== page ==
The 50 stars contain the names of the 23 New York police officers lost in the attacks, plus the 17 U.S. sailors who died in the October 2000 bombing in Yemen of the USS Cole — an attack blamed on Osama bin Laden.

The flag is being given to the Marines because three members of the emergency services unit who died on Sept. 11 were former Marines.

— The Associated Press

Coast Guard Keeps Close Tabs on Busy Ports

L O S A N G E L E S, Nov. 27 — The Coast Guard has a new security program at the nation's largest ports — Los Angeles and Long Beach.

It's training reservists as "sea marshals" to board cruise ships and commercial vessels in search of terrorists.

Teams are also working in San Diego and San Francisco, and may be created elsewhere.

Since the terrorist attacks, the Coast Guard has begun sending armed teams aboard cruise ships several miles off the coast to ensure the proper crew is in control and to check passenger lists.

The marshals also check on what are considered "high interest vessels," from nations such as Libya and Iran.

— The Associated Press

Customs Demands Passenger Lists From International Airlines

WASHINGTON, Nov. 27 — International airlines that don't immediately turn over advance lists of passengers to be screened for possible terrorists face more intensive inspections starting this week.

In a letter to 58 carriers, Customs Commissioner Robert Bonner warned of heightened inspections for those that haven't complied by Thursday, even though a new law gives the airlines until next year to start providing the information.

Many international airlines already offer the information to Customs. But Bonner is urging immediate compliance with the Advance Passenger Information System, which was signed into law last week and gives carriers 60 days to comply.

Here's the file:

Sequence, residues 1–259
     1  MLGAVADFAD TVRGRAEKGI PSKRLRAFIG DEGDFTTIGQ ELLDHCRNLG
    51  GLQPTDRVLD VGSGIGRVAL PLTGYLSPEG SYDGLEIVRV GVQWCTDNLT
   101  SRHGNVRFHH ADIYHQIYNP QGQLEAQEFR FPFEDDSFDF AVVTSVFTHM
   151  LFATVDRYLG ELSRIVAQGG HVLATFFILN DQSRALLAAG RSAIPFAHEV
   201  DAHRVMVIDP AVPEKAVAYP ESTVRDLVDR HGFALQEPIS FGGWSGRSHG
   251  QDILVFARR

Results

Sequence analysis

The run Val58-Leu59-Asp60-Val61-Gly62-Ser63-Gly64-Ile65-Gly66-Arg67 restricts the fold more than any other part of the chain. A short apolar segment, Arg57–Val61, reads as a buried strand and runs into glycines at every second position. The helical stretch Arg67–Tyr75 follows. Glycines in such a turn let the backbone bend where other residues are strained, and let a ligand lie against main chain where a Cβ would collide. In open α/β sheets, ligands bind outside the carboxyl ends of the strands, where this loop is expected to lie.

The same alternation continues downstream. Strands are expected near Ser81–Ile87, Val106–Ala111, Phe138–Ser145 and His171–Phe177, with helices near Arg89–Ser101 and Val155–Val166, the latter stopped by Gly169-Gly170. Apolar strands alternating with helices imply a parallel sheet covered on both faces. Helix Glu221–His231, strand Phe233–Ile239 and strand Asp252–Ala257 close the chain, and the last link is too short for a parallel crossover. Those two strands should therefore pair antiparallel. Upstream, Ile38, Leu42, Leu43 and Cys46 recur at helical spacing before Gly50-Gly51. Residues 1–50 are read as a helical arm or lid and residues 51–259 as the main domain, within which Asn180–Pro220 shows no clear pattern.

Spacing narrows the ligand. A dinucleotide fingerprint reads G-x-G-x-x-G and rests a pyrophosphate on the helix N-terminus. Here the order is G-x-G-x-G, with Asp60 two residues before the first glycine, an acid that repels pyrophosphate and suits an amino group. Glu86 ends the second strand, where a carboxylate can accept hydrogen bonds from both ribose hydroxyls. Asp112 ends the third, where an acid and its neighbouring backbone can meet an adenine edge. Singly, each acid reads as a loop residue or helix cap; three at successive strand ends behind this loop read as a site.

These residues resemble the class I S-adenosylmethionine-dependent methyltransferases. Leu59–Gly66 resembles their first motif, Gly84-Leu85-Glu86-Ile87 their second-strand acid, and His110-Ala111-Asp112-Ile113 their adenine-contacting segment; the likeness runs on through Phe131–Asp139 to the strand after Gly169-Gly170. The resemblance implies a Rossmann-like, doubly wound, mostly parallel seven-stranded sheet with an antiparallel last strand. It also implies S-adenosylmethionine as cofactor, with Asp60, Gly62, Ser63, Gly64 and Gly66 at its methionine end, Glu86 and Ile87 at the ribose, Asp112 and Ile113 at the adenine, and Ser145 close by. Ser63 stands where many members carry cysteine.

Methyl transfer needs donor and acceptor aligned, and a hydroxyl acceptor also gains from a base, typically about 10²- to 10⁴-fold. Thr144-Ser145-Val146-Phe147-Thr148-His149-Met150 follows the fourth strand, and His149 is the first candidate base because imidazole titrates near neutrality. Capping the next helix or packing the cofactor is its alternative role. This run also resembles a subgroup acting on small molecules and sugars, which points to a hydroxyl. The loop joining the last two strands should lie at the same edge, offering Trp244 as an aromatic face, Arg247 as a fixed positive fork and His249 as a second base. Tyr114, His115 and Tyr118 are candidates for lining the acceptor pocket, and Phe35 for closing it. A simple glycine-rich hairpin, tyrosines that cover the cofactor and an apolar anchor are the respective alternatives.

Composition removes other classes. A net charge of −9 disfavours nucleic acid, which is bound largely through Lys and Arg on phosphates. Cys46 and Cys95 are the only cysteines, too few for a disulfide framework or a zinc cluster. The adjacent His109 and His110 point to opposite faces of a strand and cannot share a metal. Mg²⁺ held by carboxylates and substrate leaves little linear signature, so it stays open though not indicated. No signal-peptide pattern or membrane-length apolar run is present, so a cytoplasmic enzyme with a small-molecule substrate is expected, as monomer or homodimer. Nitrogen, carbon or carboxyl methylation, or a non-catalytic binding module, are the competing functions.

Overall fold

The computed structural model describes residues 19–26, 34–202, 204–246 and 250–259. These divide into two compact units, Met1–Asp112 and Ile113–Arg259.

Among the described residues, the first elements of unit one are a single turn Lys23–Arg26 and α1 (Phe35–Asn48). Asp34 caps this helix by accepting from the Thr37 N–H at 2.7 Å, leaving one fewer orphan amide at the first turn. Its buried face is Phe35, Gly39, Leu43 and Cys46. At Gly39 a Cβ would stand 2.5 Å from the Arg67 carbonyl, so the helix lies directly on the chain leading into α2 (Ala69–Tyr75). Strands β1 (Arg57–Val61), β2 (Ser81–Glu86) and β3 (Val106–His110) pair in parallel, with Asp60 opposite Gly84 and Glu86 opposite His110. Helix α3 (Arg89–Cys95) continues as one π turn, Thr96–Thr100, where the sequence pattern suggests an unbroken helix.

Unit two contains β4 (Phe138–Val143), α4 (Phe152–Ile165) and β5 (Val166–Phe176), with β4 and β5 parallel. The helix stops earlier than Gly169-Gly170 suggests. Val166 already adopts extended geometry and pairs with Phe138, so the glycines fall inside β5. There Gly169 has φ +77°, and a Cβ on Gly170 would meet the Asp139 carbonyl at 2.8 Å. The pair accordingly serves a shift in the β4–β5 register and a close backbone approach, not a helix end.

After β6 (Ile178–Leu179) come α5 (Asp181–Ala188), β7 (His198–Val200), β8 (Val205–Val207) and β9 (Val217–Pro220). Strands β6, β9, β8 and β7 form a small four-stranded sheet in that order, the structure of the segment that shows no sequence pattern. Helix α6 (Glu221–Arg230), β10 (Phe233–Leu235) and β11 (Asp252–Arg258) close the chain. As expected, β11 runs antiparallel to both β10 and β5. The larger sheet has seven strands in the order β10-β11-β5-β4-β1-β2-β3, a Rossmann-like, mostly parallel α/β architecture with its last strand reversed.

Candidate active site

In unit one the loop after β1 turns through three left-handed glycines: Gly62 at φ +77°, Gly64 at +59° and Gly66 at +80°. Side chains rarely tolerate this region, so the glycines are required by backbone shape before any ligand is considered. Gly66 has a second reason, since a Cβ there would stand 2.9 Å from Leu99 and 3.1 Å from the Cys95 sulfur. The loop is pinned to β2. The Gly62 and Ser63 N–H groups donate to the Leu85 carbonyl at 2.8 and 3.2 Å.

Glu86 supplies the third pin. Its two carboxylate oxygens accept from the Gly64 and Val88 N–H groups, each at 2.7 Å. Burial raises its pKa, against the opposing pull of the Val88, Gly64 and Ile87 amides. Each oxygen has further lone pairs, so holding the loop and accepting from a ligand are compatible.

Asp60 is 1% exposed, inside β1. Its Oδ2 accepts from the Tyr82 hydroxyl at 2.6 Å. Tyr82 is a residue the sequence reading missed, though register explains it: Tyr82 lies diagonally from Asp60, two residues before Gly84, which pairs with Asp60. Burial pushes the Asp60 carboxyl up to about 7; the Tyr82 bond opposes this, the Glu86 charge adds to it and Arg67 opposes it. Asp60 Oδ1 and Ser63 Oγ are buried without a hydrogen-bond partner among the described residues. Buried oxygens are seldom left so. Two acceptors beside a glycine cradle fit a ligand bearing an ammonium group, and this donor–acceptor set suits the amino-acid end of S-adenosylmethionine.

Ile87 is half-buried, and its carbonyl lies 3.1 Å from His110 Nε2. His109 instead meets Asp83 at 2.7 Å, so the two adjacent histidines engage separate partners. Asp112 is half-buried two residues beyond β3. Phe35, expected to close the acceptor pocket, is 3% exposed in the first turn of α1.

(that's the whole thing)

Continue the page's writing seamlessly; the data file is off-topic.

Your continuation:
If not, Bonner said that on Thursday the service "will begin heightened inspections of international flight that pose a national security risk because they do not transmit APIS data."

The letter was sent to 58 airlines that as of Nov. 21 were not providing Customs with advance passenger information. Those airlines include: Saudi Arabian Airlines, Aeroflot Russian Airlines, Air China, Pakistan International Airlines and Ethiopian Airlines.

A spokesman for Royal Jordanian, which also received the letter, said the airline is preparing software to help comply with the new law.

"We are also preparing the required system which will be applicable in the near future which includes the passenger's name, family name, date of birth, passport number, date of issue and expiry," said Ghassan Ali, deputy director general. The airline also has asked all travel agents to have such information available after a flight is booked.

Customs has received information voluntarily from participating airlines since 1988 on international air passengers, including names, birth dates, nationality and travel document numbers. The information is collected at the time of departure and transmitted to Customs while flights are en route to the United States. Information also is transmitted to Customs about crew members as well.

Under the voluntary program with the airlines, Customs currently has access to about 85 percent of international flight passenger information. It has no information on domestic flights, and the new law wouldn't change that. The four hijackings on Sept. 11 involved domestic flights.

— The Associated Press